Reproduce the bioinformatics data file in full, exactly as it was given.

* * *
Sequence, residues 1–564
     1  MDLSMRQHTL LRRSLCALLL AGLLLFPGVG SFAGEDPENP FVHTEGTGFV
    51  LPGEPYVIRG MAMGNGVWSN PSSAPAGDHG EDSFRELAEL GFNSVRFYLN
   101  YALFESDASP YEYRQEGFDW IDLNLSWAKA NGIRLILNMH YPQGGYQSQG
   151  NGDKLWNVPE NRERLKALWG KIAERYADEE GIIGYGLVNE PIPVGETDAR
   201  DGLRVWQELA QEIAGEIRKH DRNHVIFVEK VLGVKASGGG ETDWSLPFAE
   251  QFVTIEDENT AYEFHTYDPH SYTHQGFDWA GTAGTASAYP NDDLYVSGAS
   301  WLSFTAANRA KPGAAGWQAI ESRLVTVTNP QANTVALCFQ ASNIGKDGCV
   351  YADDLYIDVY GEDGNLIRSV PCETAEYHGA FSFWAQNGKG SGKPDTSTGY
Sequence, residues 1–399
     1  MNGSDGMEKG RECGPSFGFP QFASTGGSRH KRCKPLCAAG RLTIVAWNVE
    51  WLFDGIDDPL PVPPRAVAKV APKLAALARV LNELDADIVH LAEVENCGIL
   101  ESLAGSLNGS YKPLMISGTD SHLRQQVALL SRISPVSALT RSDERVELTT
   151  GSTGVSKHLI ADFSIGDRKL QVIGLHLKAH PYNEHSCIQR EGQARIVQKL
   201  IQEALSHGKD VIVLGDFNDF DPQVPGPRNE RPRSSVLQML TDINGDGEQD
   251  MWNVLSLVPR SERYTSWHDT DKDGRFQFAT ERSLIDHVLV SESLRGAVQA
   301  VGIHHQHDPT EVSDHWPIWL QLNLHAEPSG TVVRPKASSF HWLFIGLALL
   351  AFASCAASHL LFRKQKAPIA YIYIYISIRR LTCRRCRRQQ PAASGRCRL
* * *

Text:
Sequence, residues 1–564
     1  MDLSMRQHTL LRRSLCALLL AGLLLFPGVG SFAGEDPENP FVHTEGTGFV
    51  LPGEPYVIRG MAMGNGVWSN PSSAPAGDHG EDSFRELAEL GFNSVRFYLN
   101  YALFESDASP YEYRQEGFDW IDLNLSWAKA NGIRLILNMH YPQGGYQSQG
   151  NGDKLWNVPE NRERLKALWG KIAERYADEE GIIGYGLVNE PIPVGETDAR
   201  DGLRVWQELA QEIAGEIRKH DRNHVIFVEK VLGVKASGGG ETDWSLPFAE
   251  QFVTIEDENT AYEFHTYDPH SYTHQGFDWA GTAGTASAYP NDDLYVSGAS
   301  WLSFTAANRA KPGAAGWQAI ESRLVTVTNP QANTVALCFQ ASNIGKDGCV
   351  YADDLYIDVY GEDGNLIRSV PCETAEYHGA FSFWAQNGKG SGKPDTSTGY
Sequence, residues 1–399
     1  MNGSDGMEKG RECGPSFGFP QFASTGGSRH KRCKPLCAAG RLTIVAWNVE
    51  WLFDGIDDPL PVPPRAVAKV APKLAALARV LNELDADIVH LAEVENCGIL
   101  ESLAGSLNGS YKPLMISGTD SHLRQQVALL SRISPVSALT RSDERVELTT
   151  GSTGVSKHLI ADFSIGDRKL QVIGLHLKAH PYNEHSCIQR EGQARIVQKL
   201  IQEALSHGKD VIVLGDFNDF DPQVPGPRNE RPRSSVLQML TDINGDGEQD
   251  MWNVLSLVPR SERYTSWHDT DKDGRFQFAT ERSLIDHVLV SESLRGAVQA
   301  VGIHHQHDPT EVSDHWPIWL QLNLHAEPSG TVVRPKASSF HWLFIGLALL
   351  AFASCAASHL LFRKQKAPIA YIYIYISIRR LTCRRCRRQQ PAASGRCRL